HuggingFace have been working on a model that can be used for small datasets. The aim is to leverage the pretrained transformer and use contrastive learning to augment and extend the dataset, by using similar labels that share a same dimensional space.
In this tutorial I will talk you through what SetFit is and how to fine tune the model to provide a way to do classification with a smaller sized dataset.
Let’s jump into it!
What is SetFit?
To illustrate what SetFit does I will use a visual from the HuggingFace GitHub repository that shows you how this multi-step approach works:
SetFit takes advantage of Sentence Transformers’ ability to generate dense embeddings based on paired sentences. These are the steps it takes to get there:
- In the initial fine-tuning phase stage, it makes use of the limited labeled input data, as showed on the few-shot training data section, by contrastive training, where positive and negative pairs are created by in-class and out-class selection. Basically, it looks for similarity in the sentences and either tags them as in-class (positive) or out-class (negative) encodings.
- Next, the Sentence Transformer model then trains on these pairs (or triplets) and generates dense vectors (where the matrix contains many encodings, as opposed to a sparse matrix) per example. In the second step, the classification head trains on the encoded embeddings (a numerical representation of the word and where it is positioned in the sentence) with their respective class labels.
- At inference time, the unseen example passes through the fine-tuned Sentence Transformer, generating an embedding that when fed to the classification head outputs a class label prediction.
These are adaptive and allow for a simple switch to be set to turn this from an `english` model to a multilingual one.
The other advantages, as listed on the supporting repository, are:
- Fast to train: SetFit doesn’t require large-scale models like T0 or GPT-3 to achieve high accuracy. As a result, it is typically an order of magnitude (or more) faster to train and run inference with.
- Multilingual support: SetFit can be used with any Sentence Transformer on the Hub, which means you can classify text in multiple languages by simply fine-tuning a multilingual checkpoint.
For the supporting research behind this model, read here: https://github.com/huggingface/setfit.
The data part…
We are going to be working with a custom social media dataset, with very few examples of whether there is online abuse detected over examples that are not abuse. In these steps we will use the supporting GitHub repository to load the data from a csv file and then push this into HuggingFace as a Dataset.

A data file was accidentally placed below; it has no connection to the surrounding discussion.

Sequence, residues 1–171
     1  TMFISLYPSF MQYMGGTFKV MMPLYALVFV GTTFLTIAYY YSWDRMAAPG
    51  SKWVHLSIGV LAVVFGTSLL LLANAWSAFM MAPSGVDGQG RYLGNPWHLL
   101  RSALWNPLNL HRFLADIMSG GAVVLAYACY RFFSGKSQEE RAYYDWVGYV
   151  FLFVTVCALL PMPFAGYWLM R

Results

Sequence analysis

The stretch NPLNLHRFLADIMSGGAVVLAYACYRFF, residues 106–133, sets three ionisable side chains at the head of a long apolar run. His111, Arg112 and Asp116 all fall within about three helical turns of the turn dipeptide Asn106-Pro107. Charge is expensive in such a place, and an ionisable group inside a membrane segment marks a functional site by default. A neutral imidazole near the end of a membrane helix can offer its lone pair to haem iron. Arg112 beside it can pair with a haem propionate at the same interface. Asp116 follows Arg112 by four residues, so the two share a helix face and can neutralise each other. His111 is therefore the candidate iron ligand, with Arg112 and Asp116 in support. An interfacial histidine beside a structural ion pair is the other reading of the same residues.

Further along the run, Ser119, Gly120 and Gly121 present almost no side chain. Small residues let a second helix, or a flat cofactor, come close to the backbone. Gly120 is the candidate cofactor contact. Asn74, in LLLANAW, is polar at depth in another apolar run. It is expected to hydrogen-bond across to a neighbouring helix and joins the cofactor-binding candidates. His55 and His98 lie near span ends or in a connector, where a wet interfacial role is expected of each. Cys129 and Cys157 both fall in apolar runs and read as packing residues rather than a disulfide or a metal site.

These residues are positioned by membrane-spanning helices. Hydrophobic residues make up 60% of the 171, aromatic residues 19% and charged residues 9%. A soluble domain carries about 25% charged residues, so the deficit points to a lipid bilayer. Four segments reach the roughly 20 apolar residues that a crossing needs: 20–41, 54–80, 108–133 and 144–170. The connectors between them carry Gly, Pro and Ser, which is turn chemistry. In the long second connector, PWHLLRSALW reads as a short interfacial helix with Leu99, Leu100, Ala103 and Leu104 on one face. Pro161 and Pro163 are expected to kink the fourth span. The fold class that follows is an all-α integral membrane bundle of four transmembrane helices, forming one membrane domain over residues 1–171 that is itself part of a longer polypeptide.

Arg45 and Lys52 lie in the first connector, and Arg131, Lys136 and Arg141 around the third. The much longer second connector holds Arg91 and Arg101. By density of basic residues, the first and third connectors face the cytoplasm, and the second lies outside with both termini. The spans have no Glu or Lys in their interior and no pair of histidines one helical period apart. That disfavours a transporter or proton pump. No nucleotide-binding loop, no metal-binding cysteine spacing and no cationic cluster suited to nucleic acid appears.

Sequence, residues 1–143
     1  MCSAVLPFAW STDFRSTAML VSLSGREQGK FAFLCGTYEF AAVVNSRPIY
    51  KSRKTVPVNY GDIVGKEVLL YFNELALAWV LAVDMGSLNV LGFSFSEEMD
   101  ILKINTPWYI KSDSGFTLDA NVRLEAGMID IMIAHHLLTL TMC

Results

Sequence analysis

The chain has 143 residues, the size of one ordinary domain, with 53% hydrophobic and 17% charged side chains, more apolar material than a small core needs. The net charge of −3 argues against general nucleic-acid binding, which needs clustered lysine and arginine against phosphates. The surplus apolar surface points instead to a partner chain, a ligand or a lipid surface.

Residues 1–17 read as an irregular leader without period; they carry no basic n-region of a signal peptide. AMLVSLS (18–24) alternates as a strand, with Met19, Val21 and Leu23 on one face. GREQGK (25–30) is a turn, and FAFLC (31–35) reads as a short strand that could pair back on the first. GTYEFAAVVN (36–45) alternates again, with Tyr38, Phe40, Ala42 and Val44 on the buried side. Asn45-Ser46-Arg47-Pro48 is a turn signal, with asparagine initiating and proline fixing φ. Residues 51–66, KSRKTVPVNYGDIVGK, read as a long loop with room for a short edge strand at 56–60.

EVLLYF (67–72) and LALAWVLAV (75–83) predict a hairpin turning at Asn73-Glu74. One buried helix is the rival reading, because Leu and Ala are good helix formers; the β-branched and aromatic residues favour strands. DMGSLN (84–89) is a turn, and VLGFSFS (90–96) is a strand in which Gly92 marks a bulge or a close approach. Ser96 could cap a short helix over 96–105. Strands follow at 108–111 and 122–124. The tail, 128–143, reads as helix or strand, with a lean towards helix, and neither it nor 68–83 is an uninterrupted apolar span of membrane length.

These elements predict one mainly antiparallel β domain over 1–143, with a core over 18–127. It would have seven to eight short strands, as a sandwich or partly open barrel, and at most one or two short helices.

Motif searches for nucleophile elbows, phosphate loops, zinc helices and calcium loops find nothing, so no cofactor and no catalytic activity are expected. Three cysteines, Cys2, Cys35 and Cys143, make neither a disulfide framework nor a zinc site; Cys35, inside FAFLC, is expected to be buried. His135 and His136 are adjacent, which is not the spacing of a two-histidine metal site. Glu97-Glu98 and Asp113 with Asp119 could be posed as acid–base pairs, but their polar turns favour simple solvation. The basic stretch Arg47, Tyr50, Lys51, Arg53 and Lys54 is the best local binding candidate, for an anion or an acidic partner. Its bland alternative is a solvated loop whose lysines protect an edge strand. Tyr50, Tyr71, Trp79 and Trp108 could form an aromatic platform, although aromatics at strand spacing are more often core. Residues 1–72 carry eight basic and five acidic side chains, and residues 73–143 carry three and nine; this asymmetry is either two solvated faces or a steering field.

The dataset can be viewed in the viewer:
As you can see, these contain text and string pair. This is the result of pushing our CSV file to the dataset. The supporting repository with the raw data can be found here: https://github.com/StatsGary/transformers-playground/blob/main/data/smabuse.csv.
This will be our end result, but first we will step through importing the relevant packages and loading the data.
Getting our imports installed
The first stage of this will be to install all the packages we are going to need to work with datasets, and later, to fine tune our model. These are implemented below:
Great – now we have these imports we will move to loading our custom csv dataset. This will be covered in the following section.
Loading in the custom dataset
As specified above, we will load this dataset: https://github.com/StatsGary/transformers-playground/blob/main/data/smabuse.csv into our Python notebook, or Python script file. We will use the
load_dataset function from the Datasets package. This is implemented as below:
To explain these lines:
train_datasetis the dataset we will use to train our custom
setfitmodel. We use the
load_datasetfunction and we specify which file type we wish to load. In this instance it is a csv file that we are loading in. Next we specify where the data file is contained, using
data_filesparameter in the function and finally we choose the
splitparameter as the training dataset.
- With the
eval_datasetwe will use the initial training set and split it. The aim is to split the dataset so that 90% of the data is retained in the training set and 10% is used in our validation set (the set that is used to refine the loss function in our setfit model)
Running both of these commands you will end up with two seperate datasets, that will be stored in memory.